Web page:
|Disposing of Rx medications has become a strain on the environment.|
As issues continue to arise concerning the safe disposal of unused pharmaceutical medication, East Carbon city has adopted the Safe Pharmaceutical Waste Disposal Project. The program was brought to the city's attention by former Carbon County Sheriff and current rotary club member Jim Robertson.
The program consists of a locked box that is placed in a public area. Any medication that has gone out of date or is no longer needed can then be disposed of in the box. The box will be monitored by East Carbon Police Chief Sam Leonard who will periodically gather the dumped medication and turn it over to the local pharmacy for safe disposal.
According to information provided by Robertson, the Salt Lake County Sheriff's office began the drug collection program after being solicited by Healthy Herriman; a community group sponsored by Intermountain Health Care. This group has done extensive research on the issues of water contamination due to pharmaceutical medications being flushed down the drains of area homes.
In addition to the benefits associated with the environment, city officials commented that, "this program could be used to educate the community about the dangers these medications pose to our youth."
According to project information, this program creates a positive contact between the community and the city police office. "It brings people into our substations where they are exposed to additional resources available to them."
Robertson reported that the local Rotary Club will pay for the box and its installation in the main lobby of East Carbon's city hall.
"All I need is approval from the city," said Robertson. "And then we can get to work."
In SLC the Herriman collection box, as it is called, receives approximately five pounds of discarded medications per week.
|Responsible disposal of out of date medications can save all in the household from accidental ingestion.|
The drug collection and disposal program provides a safe disposal location for citizens to properly dispose of unused prescription medications. This program provides an environmentally safe alternative to disposing of medications in the landfill or sewer systems which may later negatively effect the environment.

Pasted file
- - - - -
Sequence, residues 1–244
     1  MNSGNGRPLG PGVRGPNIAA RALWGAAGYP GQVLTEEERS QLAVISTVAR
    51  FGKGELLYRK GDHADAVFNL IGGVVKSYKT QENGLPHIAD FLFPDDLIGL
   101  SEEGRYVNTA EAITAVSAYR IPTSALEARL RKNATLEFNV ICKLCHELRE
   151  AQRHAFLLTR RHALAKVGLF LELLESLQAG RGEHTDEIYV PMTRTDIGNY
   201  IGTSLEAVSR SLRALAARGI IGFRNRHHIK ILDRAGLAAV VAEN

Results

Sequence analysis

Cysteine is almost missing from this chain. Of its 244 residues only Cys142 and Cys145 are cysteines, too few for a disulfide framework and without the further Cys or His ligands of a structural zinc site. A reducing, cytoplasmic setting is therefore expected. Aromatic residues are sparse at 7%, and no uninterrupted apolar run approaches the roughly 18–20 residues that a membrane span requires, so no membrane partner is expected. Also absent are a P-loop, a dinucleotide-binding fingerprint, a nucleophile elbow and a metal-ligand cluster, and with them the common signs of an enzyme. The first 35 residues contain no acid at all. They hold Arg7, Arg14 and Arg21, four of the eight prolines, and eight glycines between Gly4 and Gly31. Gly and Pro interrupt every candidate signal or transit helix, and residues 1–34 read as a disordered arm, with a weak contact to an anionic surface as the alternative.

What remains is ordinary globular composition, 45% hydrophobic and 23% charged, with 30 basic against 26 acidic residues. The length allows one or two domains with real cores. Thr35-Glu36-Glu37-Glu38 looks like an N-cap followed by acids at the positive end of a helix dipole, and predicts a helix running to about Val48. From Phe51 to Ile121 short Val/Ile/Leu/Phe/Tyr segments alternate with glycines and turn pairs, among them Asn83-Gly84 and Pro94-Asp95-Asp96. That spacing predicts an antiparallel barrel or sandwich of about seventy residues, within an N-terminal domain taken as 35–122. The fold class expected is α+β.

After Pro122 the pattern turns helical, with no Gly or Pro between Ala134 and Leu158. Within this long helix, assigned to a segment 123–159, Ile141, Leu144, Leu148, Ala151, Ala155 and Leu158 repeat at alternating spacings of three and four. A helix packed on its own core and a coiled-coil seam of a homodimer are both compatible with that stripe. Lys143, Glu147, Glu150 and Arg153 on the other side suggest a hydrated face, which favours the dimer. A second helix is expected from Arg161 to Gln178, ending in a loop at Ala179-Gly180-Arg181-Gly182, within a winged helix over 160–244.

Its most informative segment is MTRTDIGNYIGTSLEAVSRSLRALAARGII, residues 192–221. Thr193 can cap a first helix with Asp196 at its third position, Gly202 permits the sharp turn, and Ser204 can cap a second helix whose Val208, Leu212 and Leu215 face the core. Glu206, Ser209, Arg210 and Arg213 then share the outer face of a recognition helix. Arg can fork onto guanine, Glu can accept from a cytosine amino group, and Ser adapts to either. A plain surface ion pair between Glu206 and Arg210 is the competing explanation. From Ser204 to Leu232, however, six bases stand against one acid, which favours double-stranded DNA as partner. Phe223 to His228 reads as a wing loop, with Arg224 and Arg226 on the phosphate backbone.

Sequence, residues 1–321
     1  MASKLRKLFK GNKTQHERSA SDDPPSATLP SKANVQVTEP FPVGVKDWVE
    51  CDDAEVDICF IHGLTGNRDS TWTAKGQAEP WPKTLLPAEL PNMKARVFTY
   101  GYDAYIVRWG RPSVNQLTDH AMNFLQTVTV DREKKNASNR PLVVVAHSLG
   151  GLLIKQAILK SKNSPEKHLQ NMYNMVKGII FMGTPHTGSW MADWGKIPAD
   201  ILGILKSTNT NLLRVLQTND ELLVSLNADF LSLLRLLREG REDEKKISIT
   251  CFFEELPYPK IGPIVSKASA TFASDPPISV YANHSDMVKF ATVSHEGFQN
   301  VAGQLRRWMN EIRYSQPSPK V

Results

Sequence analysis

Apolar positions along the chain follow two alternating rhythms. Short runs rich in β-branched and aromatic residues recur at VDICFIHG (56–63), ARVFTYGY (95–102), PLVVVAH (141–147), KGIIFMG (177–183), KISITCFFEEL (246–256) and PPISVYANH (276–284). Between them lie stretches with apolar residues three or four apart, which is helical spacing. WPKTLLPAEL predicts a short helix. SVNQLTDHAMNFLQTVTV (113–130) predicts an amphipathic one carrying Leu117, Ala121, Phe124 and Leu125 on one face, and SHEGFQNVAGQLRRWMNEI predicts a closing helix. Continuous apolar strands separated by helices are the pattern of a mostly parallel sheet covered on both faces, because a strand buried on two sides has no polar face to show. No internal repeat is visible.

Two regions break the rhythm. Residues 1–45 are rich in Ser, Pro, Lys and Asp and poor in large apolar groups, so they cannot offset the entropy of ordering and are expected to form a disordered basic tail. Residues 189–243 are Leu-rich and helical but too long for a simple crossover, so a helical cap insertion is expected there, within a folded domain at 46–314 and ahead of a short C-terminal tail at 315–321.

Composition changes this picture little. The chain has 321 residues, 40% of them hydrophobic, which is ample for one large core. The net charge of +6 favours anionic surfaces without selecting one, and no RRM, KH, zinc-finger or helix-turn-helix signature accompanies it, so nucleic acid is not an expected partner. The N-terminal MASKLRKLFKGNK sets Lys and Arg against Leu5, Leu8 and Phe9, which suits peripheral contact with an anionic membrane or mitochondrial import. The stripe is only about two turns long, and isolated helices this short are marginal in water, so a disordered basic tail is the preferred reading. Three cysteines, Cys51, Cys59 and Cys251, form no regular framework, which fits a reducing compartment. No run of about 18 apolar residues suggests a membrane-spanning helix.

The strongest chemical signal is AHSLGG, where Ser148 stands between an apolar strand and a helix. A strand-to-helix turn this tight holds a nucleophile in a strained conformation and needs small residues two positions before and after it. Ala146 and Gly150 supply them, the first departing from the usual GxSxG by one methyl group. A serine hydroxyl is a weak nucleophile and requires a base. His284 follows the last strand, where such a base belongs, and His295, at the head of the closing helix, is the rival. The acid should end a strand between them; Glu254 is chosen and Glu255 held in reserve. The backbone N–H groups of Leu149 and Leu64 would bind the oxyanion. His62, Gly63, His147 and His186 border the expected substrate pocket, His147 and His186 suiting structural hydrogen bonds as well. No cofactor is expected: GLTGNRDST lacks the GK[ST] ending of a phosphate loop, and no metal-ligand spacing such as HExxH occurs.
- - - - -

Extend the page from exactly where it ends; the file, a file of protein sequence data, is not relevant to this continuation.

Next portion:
"The water that leaves your house through the drain or toilet goes to a waste water treatment plants, where it is treated and then discharged into streams, rivers or larger water ways," according to project information. "Waste water treatment plants do not test or treat for pharmaceuticals, therefore the drugs that are flushed leave the waste water plants untreated and go into our waterways.
"Water samples taken from rivers, streams and other waterways throughout the country are showing measurable levels of many types of drugs. These drugs are not good for aquatic life and need to be eliminated."
This program also encourages citizens to remove their unneeded medications from their homes. This reduces access to addictive medications for accidental or intentional misuse by children in the home. The project further encourages citizens to make their homes a, "drug free zone."
"Many professionals used to advise to keep your unused medications on hand for emergency preparedness," states program information. "This is a dangerous practice for two reasons. First, medication has a set use life. Second, pharmaceutical medications are subject to misuse. An increasing number of youth are experimenting with prescription pain medications in particular. Improper use can lead to serious addiction. Many youth do not view use of prescription medications as being wrong.
Addiction often leads to alternative means to obtain medication to meet their needs. This may lead to use of illegal drugs which are less expensive and sometimes more readily available."
According to Robertson, something important about the service is that no personal information needs be left in order to use the service.